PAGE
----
Because we were being loudly attacked and taunted in public, a student in our group asked one of our teacher chaperones for permission to begin our school spirit chants to counter the hateful things that were being shouted at our group. The chants are commonly used at sporting events. They are all positive in nature and sound like what you would hear at any high school. Our chaperone gave us permission to use our school chants. We would not have done that without obtaining permission from the adults in charge of our group.

At no time did I hear any student chant anything other than the school spirit chants. I did not witness or hear any students chant “build that wall” or anything hateful or racist at any time. Assertions to the contrary are simply false. Our chants were loud because we wanted to drown out the hateful comments that were being shouted at us by the protestors.

The video confirms everything that student Nick Sandmann said in his statement is true.

Contrary to media reports, and Nathan Phillips’ statements, the students did not surround, harass, or confront anyone. The video clearly shows Phillips making a long march toward the kids.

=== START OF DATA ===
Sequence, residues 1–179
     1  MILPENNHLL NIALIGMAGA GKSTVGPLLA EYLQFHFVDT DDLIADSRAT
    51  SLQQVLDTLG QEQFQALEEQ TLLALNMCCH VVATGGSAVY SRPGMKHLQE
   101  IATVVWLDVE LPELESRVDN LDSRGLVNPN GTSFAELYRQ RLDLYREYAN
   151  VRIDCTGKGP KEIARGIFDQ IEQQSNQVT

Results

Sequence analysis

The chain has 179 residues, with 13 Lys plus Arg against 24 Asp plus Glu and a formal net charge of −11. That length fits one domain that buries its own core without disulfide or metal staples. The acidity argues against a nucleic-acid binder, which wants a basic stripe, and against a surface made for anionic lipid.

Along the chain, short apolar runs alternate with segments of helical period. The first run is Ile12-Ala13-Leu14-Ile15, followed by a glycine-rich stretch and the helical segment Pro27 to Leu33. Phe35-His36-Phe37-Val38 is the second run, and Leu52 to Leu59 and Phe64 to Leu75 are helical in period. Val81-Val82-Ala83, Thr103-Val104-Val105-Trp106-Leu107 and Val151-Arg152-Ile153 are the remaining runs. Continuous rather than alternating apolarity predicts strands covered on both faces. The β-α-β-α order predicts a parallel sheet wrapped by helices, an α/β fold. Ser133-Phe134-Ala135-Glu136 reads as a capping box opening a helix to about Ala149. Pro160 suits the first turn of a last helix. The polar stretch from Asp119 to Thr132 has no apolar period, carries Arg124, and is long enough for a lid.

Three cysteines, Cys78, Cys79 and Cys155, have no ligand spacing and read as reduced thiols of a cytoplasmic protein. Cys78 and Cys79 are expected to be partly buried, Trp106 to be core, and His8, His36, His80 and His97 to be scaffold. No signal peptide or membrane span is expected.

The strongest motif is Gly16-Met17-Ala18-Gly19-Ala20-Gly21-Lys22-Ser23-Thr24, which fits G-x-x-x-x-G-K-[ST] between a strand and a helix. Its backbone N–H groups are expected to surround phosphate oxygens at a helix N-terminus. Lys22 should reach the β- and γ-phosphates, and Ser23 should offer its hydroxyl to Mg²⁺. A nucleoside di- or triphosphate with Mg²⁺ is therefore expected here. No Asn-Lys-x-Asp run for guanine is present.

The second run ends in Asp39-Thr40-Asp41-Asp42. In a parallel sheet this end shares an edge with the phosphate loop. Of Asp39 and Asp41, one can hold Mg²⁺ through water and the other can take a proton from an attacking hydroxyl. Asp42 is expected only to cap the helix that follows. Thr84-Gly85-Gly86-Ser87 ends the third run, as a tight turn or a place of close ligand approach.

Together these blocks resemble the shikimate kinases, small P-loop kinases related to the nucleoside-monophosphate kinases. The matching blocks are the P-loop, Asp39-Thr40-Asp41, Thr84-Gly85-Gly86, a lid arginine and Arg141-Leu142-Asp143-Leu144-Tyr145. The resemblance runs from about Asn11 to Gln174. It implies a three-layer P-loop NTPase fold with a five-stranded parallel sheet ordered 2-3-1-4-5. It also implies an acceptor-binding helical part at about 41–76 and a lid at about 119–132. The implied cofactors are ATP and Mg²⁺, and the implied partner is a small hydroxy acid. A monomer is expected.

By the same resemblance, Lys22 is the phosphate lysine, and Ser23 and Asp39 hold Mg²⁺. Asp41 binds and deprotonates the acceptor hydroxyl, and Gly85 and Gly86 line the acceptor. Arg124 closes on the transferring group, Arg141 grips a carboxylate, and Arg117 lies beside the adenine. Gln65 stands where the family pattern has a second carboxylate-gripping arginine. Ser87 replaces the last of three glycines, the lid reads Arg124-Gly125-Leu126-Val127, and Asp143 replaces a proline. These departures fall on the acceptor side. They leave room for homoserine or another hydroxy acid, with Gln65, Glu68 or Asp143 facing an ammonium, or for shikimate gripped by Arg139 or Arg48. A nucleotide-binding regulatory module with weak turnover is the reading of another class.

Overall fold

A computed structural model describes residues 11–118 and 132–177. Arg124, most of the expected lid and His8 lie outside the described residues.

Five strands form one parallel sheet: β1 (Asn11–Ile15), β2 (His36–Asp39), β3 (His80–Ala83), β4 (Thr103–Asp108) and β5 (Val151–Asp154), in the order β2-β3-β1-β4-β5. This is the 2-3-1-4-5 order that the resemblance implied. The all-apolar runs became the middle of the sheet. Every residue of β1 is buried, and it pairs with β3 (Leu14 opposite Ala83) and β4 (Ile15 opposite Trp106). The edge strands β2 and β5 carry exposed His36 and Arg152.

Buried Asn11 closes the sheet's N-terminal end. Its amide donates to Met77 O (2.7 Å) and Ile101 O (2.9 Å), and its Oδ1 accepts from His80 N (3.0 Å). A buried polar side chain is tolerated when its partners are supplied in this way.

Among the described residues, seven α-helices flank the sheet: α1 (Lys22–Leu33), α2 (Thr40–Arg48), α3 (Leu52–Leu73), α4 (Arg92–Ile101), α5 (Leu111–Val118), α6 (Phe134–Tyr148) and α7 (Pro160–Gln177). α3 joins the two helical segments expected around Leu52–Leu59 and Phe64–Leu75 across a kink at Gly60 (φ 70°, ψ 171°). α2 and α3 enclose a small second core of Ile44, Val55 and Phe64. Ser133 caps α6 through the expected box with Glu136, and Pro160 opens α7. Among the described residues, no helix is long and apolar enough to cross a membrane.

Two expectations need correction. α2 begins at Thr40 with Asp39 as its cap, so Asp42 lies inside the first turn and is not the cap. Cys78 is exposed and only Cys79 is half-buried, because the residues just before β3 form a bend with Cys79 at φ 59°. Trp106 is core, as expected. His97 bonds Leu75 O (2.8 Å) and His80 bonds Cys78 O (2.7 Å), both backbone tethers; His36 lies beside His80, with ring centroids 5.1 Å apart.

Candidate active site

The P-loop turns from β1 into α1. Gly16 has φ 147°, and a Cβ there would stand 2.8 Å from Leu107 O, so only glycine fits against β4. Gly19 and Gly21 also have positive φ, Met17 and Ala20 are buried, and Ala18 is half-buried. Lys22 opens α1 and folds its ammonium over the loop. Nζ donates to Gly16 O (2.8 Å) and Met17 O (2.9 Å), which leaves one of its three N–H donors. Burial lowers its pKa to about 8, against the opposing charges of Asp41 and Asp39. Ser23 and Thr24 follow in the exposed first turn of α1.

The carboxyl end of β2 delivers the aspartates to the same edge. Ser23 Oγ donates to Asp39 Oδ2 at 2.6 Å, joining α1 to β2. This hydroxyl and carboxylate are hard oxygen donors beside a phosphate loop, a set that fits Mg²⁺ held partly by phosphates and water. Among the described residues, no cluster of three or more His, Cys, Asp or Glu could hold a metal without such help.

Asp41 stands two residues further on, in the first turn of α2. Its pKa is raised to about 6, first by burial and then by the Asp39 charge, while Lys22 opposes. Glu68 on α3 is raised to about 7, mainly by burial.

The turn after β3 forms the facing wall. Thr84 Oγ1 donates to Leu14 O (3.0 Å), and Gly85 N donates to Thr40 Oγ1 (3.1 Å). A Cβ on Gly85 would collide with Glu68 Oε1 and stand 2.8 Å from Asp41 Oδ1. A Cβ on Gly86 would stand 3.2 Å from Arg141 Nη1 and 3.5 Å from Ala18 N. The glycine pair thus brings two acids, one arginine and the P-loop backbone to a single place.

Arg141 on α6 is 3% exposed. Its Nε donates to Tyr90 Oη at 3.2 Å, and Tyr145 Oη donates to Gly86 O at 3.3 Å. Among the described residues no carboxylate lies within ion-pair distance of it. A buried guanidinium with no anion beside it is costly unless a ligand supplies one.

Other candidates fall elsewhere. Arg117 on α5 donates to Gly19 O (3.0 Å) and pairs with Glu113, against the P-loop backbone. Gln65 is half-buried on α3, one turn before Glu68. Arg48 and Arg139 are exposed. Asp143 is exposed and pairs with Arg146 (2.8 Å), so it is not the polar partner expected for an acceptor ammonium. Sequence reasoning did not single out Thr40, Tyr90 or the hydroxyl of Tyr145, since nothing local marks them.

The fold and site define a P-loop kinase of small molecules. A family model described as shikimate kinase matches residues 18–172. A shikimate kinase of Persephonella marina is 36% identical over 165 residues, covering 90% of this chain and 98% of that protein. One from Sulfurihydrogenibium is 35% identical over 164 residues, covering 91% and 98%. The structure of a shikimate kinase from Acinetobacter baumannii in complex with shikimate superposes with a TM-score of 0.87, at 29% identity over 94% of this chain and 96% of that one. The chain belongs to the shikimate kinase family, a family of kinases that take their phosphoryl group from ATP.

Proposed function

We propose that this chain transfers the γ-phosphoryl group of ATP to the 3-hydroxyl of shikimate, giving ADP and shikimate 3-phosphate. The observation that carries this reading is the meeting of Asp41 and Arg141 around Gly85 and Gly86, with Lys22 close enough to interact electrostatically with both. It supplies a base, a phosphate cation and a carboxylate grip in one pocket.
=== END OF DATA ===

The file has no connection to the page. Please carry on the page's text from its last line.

In another video, as Phillips approaches, you can see the students begin to clap and dance along to Phillips drumming antics. It is only as Phillips arrives directly in front of Sandmann, pounding his drum inches from the youngster’s face, do the students begin to realize that he is not acting in a civil manner. You can see the confusion on their faces as they begin to realize this is a hostile act of physical intimidation.

He locked eyes with me and approached me, coming within inches of my face. He played his drum the entire time he was in my face.

I never interacted with this protestor. I did not speak to him. I did not make any hand gestures or other aggressive moves. To be honest, I was startled and confused as to why he had approached me.